How a Photography Project 365 Can KILL Your Creativity

The Project 365. It’s the holy grail of personal projects for many photographers. Every photographer that I’ve known to do this has experienced a life-changing transformation as a result of taking on such a feat. Recently, Bill McCarroll contributed a magnificent article on the benefits of undertaking a Project 365. There are tremendous rewards for those of us who are prepared to tackle such a laborious endeavour. As we learned, many considerations that factor into play beyond the time it takes each day to shoot, transfer, post-process, and (maybe) share our daily photographs. It is a wonderful journey of self-discovery, but it’s not for everyone – and here’s why.

There are two simple truths that cannot be understated: One – yes, in order to make better photographs, the single most important thing you can do is to get out and take as many pictures as you possibly can. Two – if you’re trying to photograph a different subject every single day, you’re not going to learn all that much, nor master anything (yes, I’m generalizing a bit here).

To truly make compelling photographs, the first step is to understand the workings of our camera and how each setting affects one another. The best way of doing this is to experiment with one setting (aperture, shutter speed, or even ISO for that matter) for an extended period of time – not one day here and there. It’s far easier to gain a deeper understanding of the relationships between f-stops, shutter speeds, and sensitivity when we have ample opportunity to explore these settings over an extended period. Then at some (magic) point, they become second nature to us.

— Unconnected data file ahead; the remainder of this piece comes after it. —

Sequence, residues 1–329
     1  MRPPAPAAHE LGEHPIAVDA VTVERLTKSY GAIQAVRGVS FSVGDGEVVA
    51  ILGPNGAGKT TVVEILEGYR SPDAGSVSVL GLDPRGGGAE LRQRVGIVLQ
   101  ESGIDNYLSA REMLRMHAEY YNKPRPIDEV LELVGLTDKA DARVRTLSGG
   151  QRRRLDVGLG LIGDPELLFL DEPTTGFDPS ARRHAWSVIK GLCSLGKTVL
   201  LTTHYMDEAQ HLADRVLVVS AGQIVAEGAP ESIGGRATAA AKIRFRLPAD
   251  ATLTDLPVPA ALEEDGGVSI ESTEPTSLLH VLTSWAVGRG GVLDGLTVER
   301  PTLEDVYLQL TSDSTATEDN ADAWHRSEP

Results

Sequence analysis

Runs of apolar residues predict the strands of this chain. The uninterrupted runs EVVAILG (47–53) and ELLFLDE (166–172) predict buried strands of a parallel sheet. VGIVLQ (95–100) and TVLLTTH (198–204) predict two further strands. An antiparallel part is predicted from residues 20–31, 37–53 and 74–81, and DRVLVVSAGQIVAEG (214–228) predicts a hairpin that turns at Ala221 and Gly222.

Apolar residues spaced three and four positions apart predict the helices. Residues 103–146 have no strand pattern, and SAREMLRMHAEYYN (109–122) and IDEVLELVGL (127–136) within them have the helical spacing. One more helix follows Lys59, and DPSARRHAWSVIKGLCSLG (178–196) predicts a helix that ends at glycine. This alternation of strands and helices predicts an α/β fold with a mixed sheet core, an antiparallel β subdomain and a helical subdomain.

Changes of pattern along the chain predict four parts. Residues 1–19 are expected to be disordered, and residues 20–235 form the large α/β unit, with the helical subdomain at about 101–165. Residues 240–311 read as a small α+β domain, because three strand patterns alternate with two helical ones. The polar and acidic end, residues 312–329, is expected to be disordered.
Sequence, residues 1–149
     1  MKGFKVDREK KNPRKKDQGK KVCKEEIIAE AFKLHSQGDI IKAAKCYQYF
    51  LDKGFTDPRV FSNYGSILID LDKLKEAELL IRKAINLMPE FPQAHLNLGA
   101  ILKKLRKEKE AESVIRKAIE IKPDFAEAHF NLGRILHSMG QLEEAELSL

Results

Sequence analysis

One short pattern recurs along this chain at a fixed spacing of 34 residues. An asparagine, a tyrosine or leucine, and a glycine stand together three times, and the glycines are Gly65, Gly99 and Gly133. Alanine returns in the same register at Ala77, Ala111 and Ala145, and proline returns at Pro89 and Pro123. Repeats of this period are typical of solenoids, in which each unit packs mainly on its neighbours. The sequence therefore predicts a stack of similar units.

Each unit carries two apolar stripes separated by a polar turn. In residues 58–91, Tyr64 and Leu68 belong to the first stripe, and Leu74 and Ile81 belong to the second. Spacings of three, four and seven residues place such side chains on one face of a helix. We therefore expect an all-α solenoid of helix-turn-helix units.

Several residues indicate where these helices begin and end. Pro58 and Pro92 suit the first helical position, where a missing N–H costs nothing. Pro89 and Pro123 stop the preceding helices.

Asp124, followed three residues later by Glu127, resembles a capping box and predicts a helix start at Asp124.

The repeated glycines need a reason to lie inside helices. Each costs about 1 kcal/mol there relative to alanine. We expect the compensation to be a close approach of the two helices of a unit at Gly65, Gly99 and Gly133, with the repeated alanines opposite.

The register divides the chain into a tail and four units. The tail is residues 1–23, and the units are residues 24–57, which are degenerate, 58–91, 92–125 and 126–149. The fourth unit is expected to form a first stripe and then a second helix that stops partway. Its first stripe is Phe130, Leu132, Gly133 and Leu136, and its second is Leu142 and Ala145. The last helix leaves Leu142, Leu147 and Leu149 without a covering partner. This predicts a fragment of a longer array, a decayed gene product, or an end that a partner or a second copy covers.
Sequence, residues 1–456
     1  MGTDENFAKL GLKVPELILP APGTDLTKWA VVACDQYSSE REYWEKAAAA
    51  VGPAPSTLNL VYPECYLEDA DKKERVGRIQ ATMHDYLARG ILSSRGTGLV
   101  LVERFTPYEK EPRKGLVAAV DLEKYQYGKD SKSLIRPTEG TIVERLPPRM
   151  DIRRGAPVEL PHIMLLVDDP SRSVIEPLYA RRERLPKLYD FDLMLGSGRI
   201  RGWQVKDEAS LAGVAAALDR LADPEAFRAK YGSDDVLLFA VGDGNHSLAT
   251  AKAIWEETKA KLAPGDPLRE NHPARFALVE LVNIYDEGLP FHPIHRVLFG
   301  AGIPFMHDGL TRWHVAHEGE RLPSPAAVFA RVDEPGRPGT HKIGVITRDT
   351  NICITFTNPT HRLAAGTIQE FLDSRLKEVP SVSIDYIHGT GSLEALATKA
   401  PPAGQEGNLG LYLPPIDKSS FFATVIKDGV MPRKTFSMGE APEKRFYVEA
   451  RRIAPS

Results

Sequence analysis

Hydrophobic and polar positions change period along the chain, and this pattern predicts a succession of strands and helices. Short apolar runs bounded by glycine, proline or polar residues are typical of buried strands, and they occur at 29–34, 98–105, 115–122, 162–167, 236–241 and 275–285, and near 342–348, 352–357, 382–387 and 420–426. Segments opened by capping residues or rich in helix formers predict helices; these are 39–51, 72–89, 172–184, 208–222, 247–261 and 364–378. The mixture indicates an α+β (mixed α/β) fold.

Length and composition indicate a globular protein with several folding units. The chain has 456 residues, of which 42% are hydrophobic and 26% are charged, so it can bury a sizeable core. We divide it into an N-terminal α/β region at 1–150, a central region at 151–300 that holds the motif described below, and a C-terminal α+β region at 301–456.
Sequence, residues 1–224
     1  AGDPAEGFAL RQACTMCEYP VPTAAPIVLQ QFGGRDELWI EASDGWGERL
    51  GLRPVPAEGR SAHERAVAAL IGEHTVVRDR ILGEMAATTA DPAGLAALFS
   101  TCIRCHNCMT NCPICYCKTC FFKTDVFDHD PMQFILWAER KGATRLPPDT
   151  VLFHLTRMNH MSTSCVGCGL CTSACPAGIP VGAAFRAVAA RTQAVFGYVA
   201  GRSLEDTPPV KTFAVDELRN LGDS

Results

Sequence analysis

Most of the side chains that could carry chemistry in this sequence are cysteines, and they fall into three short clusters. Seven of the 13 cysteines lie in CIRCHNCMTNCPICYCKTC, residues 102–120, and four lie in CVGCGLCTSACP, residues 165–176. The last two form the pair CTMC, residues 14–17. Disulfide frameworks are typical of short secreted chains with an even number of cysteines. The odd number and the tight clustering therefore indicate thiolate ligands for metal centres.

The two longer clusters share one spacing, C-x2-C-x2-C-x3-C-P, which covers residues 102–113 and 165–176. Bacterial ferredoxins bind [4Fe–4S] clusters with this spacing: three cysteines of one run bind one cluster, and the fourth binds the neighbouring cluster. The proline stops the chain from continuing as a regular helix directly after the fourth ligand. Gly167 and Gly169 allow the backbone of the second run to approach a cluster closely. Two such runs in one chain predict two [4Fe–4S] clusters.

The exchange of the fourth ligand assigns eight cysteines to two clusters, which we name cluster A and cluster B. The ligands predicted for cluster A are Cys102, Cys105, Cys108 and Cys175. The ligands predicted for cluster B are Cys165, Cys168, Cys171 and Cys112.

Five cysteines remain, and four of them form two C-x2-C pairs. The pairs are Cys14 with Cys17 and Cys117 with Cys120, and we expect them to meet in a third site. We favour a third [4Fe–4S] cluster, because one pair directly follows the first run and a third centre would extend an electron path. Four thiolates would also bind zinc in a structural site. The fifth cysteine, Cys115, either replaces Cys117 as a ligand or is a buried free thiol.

Once we’ve mastered our camera with a full understanding of functions, that’s when the real fun begins and we can start to explore things like colour, texture, light, contrast, and subjects. Imagine how much more you would begin to “see” if you spent 30 consecutive days shooting clouds. Or 30 days shooting only 2-second exposures. This is when we stop looking, and really start to “see”.

When we gain a deeper visual understanding of the world around us, that is the moment that we begin to create stronger, more compelling photographs. Once you reach that point – where camera functions coupled with an understanding of how to visually communicate – then a Project 365 is a great way of discovering new ways to spark creativity and boost your passion for this craft even further.

If you are still in the learning / beginner phases of your journey, consider a project that will actually make you a better photographer. Many photographers find great benefit in a Project 52 (creating one great photograph per week through daily exploration of a single subject), or even a Project 12 (one photo per month under the same premise). It takes just as much effort as a Project 365, but for those of us who are still finding our photographic stride, taking the time to fully explore a single objective will lead to a lifetime of infinitely stronger images.

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